12:00am - I lay in bed, hot and listening to the noises of the city outside. I know I have a night of tossing and turning to look forward to because of the heat, uncomfortable bed, and yelling french men. And let's not forget that I get to wake up in a few hours and do it all over again. The anticipation is just too much to handle!

Thursday, September 29, 2011


The other day I returned from work and noticed that chocolate was stuck under my fingernails. I thought I had washed them, thoroughly, numerous times, but apparently that hadn't been good enough. So I decided to give them another good scrub at home, but that didn't seem to do too well either. So then I figured that a nice long soak in the tub could possibly get the chocolate out of there. I soaked to no avail. But maybe my nails were just too long, so I searched through my apartment for a good twenty minutes before uncovering my clippers and cut my nails as short as I could. Washed again. Still not clean. 

Then I took a closer look at the situation. This wasn't chocolate. These were…scabs! It may sound creepy but I knew exactly what the culprit was. Pineapples. Those spiky little bastards may look innocent enough but I now know better. One day at work my boss gave me the lovely task of dismantling an entire case of pineapples. That's eight, by the way. Sounded easy enough, and since I often get saddled with thrilling jobs like peeling, zesting, juicing, and chopping I wasn't disappointed. Sure it may not be intellectually stimulating but at least it's something I can complete without getting yelled at or being afraid I may mess it up. 

So my boss informed me to peel the pineapples and that he would then be back to instruct me on how to further chop up these suckers. So I carved away at my "ananas" until my boss came back and gave me a disapproving look, wrenched my serrated knife from my fingers and told me I had to "regarde" the shape of the pineapple. I will admit that after I was done massacring them they looked more like misshapen footballs than your average pineapple and so I watched how he quickly sliced away at the rind, producing a naked pineapple that still resembled, well, a pineapple. I tried as I could to make mine like his but still I found that mine were quite uneven. Plus I could not manage to cut booth deep enough and smooth enough at the same time and so most of my pineapples emerged with all their eyes still in. When I asked him if this was "c'est bon" he told me that it was fine, I would just go through and gouge the eyes out with a knife after I was done. So then I happily chopped away the rinds, leaving most of the eyes intact, knowing that my pineapples would turn out just fine anyway.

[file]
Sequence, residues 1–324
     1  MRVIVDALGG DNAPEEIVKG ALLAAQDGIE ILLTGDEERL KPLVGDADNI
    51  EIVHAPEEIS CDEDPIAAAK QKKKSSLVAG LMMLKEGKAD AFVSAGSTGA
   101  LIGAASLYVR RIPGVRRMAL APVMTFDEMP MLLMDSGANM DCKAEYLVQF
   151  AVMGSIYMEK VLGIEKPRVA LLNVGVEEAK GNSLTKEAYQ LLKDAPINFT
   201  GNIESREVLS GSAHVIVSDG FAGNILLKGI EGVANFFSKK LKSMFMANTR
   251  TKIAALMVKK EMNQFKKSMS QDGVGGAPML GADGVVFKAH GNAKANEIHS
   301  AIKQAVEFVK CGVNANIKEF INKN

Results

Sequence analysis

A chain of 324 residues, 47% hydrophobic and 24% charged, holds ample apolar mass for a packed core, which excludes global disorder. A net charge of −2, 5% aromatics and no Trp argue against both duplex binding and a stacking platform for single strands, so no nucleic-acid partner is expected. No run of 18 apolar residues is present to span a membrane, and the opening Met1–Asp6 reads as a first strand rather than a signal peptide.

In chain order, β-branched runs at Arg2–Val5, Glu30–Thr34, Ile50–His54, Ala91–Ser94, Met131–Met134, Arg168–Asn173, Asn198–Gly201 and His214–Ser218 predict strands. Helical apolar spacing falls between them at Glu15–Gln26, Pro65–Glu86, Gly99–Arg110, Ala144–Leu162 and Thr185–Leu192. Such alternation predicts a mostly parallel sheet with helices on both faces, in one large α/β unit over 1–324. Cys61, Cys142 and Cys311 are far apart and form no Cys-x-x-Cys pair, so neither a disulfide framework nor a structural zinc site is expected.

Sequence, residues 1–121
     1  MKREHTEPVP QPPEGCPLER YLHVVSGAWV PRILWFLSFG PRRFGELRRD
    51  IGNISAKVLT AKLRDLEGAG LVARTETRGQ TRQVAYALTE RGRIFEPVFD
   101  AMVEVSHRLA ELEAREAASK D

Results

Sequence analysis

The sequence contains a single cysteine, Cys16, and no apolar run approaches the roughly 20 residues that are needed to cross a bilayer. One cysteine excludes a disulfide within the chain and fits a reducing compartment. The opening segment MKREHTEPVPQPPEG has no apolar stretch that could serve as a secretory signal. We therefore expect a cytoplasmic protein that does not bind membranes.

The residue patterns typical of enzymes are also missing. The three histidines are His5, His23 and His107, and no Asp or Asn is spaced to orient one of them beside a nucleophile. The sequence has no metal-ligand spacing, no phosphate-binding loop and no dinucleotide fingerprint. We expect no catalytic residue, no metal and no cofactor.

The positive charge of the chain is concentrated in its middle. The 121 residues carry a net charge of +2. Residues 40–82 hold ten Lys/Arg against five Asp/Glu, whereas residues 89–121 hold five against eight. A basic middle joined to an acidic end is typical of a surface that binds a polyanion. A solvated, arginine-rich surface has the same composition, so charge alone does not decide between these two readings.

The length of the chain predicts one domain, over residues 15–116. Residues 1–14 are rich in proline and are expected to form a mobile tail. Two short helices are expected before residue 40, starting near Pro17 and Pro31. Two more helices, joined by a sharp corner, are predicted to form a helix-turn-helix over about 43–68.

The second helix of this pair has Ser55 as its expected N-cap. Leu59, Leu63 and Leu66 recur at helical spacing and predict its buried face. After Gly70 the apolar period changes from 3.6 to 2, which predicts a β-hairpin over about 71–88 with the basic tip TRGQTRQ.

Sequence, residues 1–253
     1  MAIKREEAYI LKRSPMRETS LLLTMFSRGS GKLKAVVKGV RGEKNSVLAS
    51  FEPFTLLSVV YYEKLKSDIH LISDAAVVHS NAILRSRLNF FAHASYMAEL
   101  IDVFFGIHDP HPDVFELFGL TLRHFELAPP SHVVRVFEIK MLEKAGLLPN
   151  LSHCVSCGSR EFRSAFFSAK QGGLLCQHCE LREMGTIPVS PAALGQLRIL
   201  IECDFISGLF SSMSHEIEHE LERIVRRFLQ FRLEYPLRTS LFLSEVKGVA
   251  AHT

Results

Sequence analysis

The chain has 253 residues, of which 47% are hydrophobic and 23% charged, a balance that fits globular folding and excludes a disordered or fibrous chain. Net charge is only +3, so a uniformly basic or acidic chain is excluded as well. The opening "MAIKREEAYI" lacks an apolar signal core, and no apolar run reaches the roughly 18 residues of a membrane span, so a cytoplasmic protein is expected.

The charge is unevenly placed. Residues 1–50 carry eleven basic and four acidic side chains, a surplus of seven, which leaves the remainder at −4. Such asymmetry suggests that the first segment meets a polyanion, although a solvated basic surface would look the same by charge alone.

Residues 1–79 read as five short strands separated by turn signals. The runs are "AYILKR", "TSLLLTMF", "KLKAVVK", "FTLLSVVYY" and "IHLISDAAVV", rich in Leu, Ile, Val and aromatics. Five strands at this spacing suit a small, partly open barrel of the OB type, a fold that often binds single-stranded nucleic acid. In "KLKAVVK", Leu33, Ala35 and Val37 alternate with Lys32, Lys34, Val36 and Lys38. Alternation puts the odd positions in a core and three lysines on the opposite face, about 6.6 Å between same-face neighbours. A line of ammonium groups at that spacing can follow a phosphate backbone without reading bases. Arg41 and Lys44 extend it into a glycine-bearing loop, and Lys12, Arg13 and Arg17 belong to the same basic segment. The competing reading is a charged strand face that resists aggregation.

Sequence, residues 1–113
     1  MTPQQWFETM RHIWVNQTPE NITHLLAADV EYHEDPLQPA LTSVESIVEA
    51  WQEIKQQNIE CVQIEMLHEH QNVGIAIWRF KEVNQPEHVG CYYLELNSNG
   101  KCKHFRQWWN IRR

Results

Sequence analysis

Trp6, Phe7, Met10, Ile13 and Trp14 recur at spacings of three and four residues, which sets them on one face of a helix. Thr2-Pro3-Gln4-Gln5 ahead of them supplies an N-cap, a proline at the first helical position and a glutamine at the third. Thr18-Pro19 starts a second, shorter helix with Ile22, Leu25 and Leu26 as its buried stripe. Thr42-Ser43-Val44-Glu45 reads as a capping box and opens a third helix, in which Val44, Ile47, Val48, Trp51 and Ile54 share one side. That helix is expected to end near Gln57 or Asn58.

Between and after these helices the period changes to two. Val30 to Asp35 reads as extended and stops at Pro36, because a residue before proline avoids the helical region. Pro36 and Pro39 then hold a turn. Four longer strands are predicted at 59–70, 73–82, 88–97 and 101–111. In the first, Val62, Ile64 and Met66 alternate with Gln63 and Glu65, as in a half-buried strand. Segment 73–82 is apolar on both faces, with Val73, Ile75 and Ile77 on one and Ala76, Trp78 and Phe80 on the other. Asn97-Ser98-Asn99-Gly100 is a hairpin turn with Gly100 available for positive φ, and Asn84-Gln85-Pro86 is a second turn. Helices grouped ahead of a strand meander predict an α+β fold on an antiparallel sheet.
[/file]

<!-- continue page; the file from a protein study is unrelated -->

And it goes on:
After finishing all eight pineapples, plus one which had been hiding in the walk-in refrigerator, my boss grabbed a small knife and showed me how to cut out the pineapple eyes. It seemed easy enough. Oh how foolish I was. Those dang eye-spikes really hold on when you try to remove them and I found myself taking out massive chunks of pineapple or, on even worse attempts, slipping the knife completely through the fruit and poking myself in the hand. A mere fleshwound. It wasn't even bleeding! I was fine. I was determined to complete this task with dignity, pride, professionalism, and most importantly, perfection. I found that the best way to remove the pineapple eyes was to jab my thumb into them to loosen them up a little. Then all I needed to do was jimmy the knife beneath them and they popped right out. I completed about half of the pineapples before I noticed that something funny was going on. 

For those of you who do not know, because I obviously didn't, pineapples are extremely acidic. And since I'd been jabbing my thumbs into them and gripping on them with my nails as tightly as I could, this demonic pineapple juice had nestled comfortably beneath them, on top of them, all over them. Under my nails was starting to be uncomfortable and when I took a break from my pineapple cutting to look at them I noticed that four of them were bleeding. Apparently the acid had eaten away and the tender thin skin under my nails and on my cuticles. The pain was horrible. I'd discovered that paper cuts are not, actually, the worst pain a human can experience. Pineapple acid wounds are. For days my fingertips were sore. I pulled on some plastic gloves and continued chopping the pineapples. My boss told me to cut out the cores, chop them into strips, and then into tiny little morsels. Sure I was thinking that "regarding" the shape of the pineapple really wasn't all that important if I was just going to cut them up into bits, but I was also thinking that this was a way for me to improve my knife skills. And without the handicap of bleeding fingers and plastic gloves three sizes to big to hold me back the next time, I'd be a pro!